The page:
Perhaps some conclusions about the issue of victim-hood can apply to Lupus. In our society today, there is constant conversation about people who are victims. While addressing vast socioeconomic issues in contemporary public debate would be daunting, discussing the possibility and options to a victim mindset in chronic illness, such as Lupus, is a worthy effory.
Those of us with Lupus do not want to have it. The idea of being a victim of lupus seems like it might be a personal choice, not an inevitable consequence of Lupus. Being a victim of a physical flaw, injury or health problem could be based on the reaction to the situation, and not a foregone conclusion of it.
Getting hurt or having a disease, no, this is not a choice we can make. But, becoming a victim of the injury or illness, yes, this is definitely up to us. No one can make a person remain a victim. While we might be temporarily overwhelmed by a situation that we cannot prevent, we can still choose to reject the whole crippling idea of remaining in a state of victimhood! Is there another alternative? Yes!
How can a person prevent being a victim? First lets consider some personal non-lupus examples .
Born with a minor birth defect that caused a two-inch round hole in the skin of my little thigh, there was a large permanent scar above my knee. Growing up in the 1960’s, in the day of mini skirts, the scar presented an emotional challenge dealing with a visible large puffy red scar. As a baby, my mother took me to a plastic surgeon who repeatedly burned the inside of the hole with dry ice, and eventually layers of scar tissue developed and covered the muscles and inner tissues.
Although stories were told by my mother about how painful the treatment seemed, there is no conscious memory of it. However, blood curdling baby screams during the procedures shook my mother so much that she could not bear it and canceled the final appointment. Nonetheless, the dermatology treatments were a complete success.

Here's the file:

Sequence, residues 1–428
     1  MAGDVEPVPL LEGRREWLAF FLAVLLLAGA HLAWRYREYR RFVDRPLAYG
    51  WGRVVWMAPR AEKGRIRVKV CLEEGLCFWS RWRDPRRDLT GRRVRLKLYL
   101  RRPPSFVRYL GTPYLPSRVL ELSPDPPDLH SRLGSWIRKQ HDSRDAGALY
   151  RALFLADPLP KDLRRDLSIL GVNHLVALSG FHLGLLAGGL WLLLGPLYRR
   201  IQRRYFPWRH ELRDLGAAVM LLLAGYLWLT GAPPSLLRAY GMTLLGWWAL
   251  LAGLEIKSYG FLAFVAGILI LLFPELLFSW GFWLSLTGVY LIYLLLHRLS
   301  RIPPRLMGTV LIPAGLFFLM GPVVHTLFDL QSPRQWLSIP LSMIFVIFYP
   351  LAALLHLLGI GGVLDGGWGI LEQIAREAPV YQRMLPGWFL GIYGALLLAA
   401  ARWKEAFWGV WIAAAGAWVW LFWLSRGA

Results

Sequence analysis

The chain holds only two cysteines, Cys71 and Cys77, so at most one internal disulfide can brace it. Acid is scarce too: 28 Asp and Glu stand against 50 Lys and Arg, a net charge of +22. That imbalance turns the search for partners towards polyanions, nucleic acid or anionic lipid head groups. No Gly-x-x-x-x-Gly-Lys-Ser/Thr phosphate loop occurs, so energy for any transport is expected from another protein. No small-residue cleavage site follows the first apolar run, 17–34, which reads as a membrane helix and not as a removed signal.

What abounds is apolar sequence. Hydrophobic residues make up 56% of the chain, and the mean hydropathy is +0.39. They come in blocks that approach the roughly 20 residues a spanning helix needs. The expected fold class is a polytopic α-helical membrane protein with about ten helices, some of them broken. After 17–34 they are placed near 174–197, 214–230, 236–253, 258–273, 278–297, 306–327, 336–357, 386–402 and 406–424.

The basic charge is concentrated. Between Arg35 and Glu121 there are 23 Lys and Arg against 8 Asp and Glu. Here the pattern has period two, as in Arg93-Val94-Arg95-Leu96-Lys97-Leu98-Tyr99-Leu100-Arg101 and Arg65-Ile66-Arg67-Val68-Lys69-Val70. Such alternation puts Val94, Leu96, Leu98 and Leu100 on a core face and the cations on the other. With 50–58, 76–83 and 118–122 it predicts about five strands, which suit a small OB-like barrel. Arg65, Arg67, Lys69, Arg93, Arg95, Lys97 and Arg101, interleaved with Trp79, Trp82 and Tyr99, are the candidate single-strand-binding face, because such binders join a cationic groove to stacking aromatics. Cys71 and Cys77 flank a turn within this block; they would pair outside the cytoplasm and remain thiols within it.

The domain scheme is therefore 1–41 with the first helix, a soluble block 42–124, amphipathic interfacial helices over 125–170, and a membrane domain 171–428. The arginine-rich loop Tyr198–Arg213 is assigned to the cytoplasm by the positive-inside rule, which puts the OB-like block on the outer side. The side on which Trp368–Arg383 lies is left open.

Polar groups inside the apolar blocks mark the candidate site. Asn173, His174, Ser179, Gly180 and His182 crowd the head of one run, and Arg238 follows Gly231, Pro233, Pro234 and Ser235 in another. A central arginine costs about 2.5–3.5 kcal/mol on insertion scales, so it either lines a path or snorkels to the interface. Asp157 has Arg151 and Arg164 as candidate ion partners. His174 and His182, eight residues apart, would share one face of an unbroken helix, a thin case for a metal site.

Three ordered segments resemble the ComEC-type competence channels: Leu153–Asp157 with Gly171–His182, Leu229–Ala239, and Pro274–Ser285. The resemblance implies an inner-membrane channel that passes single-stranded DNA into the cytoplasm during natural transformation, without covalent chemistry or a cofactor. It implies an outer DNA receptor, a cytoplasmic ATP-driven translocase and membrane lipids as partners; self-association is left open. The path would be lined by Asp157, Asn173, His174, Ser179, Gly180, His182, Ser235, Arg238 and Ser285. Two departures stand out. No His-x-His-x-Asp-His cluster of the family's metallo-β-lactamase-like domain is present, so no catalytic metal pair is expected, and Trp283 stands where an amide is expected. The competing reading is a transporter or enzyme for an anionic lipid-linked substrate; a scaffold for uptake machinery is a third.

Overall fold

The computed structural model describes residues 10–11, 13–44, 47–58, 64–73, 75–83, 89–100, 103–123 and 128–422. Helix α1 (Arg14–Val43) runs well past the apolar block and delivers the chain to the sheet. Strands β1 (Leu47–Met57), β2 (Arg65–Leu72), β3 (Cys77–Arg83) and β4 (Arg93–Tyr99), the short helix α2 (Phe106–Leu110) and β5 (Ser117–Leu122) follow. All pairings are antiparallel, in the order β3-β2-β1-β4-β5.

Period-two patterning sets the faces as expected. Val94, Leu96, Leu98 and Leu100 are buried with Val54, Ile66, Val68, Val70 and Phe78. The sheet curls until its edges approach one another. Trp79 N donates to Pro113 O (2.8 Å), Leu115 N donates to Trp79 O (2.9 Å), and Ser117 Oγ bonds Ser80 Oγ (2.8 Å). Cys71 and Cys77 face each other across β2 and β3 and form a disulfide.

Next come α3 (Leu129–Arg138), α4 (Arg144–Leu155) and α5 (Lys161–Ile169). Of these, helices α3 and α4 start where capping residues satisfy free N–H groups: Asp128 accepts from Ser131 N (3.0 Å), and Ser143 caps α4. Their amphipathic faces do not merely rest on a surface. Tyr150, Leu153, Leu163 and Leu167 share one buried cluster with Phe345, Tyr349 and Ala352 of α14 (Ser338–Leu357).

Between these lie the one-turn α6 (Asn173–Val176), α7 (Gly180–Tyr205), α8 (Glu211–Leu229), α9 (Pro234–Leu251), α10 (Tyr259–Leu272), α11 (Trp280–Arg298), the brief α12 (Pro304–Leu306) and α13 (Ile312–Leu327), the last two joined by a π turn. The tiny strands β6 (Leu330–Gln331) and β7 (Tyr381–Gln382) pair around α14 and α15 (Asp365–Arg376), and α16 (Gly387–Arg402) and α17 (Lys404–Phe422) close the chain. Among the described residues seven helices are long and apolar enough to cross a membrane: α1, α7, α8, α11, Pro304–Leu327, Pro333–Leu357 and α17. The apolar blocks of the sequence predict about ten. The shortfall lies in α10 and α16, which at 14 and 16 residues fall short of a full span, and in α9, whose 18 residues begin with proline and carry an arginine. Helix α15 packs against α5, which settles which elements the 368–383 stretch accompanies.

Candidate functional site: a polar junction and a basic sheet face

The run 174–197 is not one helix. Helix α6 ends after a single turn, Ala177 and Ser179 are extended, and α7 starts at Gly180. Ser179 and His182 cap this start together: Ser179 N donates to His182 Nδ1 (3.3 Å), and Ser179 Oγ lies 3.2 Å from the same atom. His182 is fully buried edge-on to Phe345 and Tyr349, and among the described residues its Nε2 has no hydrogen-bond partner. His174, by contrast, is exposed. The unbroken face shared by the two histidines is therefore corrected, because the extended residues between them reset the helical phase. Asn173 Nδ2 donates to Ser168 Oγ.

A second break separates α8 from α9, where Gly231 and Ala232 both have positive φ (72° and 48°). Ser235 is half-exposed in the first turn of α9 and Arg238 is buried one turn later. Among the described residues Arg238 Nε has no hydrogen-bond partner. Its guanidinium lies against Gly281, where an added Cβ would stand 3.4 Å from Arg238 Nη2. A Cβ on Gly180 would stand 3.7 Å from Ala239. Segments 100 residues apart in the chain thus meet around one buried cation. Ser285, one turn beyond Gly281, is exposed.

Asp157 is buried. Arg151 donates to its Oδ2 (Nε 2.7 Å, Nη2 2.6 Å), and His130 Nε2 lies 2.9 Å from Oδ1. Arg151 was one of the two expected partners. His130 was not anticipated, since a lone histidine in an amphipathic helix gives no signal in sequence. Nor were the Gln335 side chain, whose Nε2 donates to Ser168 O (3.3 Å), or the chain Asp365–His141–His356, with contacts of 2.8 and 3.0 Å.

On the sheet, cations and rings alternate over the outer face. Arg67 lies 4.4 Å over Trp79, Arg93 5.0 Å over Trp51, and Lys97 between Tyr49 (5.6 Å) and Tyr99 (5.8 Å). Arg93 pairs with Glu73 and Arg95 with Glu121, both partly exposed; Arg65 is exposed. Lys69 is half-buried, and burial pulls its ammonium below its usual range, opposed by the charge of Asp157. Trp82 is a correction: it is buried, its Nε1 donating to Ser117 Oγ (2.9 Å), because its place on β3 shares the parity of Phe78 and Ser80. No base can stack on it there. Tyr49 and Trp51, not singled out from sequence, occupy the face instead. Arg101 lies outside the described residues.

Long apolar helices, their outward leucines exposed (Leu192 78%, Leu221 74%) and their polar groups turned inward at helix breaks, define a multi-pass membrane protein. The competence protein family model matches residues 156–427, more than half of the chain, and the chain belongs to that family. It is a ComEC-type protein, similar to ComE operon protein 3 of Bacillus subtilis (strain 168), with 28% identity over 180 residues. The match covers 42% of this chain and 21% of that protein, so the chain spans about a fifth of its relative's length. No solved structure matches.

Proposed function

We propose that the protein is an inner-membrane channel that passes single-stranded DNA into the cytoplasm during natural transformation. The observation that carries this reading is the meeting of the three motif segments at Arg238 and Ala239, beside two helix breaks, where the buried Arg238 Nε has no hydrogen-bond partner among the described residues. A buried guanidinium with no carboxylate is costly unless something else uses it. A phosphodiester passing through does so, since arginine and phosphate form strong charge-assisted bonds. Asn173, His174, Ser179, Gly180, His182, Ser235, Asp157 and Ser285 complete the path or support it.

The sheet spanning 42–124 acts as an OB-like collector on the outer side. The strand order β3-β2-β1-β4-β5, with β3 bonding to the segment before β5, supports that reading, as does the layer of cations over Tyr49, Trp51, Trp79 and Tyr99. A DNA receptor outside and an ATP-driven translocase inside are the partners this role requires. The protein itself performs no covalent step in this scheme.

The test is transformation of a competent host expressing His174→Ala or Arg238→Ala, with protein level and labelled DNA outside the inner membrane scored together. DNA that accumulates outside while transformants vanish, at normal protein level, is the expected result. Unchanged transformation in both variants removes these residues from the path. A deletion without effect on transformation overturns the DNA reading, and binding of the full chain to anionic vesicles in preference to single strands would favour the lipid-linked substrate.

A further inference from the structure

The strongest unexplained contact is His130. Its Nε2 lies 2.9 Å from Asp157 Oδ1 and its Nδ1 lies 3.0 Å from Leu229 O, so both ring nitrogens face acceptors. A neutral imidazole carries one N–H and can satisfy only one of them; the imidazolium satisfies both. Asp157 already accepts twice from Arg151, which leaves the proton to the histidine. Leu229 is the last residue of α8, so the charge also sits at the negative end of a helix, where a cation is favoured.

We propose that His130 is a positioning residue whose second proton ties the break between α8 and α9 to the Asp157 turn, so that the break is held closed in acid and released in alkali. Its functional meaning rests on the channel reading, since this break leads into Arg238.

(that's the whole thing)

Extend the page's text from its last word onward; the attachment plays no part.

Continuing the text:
The scar remains until today, but is not bothersome at all. There is no sense of self-conscious about it, even though was and still is quite noticeable. Fortunately, time has faded and diminished awareness of it, and it seems all but invisible. A Mother’s gently applied wisdom helped the visible mar from causing any sense of insecurity or unattractiveness.
I wore dresses, shorts, swim suits, and gymnastics leotards without much concern for the large scar on my thigh. As natural as it is for every young girl to be sensitive about their appearance and imperfections, and even insecure, this flaw did not make me feel insecure or damaged. I just saw it a part of imperfect “me.”
My playmates asked about it when the saw the large red egg-shaped bump on my lower thigh, but over the years, it eventually bothered me very little. Why? Because my mother taught me from very early childhood to accept this imperfection with grace and confidence. She taught me never to view myself as a victim.
She was an amazing life coach and teacher. She was an profound blessing to me and an incredible mother. I was not emotionally scarred, nor did I feel like a victim of this small disfigurement. Instead, it was a character strengthening physical flaw.
Perhaps, a faint subconscious memory from my infancy of the tissue-building burns even prepared me for coping with today’s gnawing persistent pain of lupus arthritis and neuropathy. Perhaps this early experience with a scar prepared me for facing life’s adventures with a non-victim attitude.
When the positives do not seem to exist, victors must create them, dig deep and find them, and push hard to make them add up. Pray to the God of heaven to help you look up to Him for saving faith, help and strength, instead of hanging your head in defeat.
Being a victim is passive, embracing victory says, “lupus is not everything, lupus is only one thing.” In the face of the pain or imperfection, victory shouts instead, “by God’s grace I will not be undone!”
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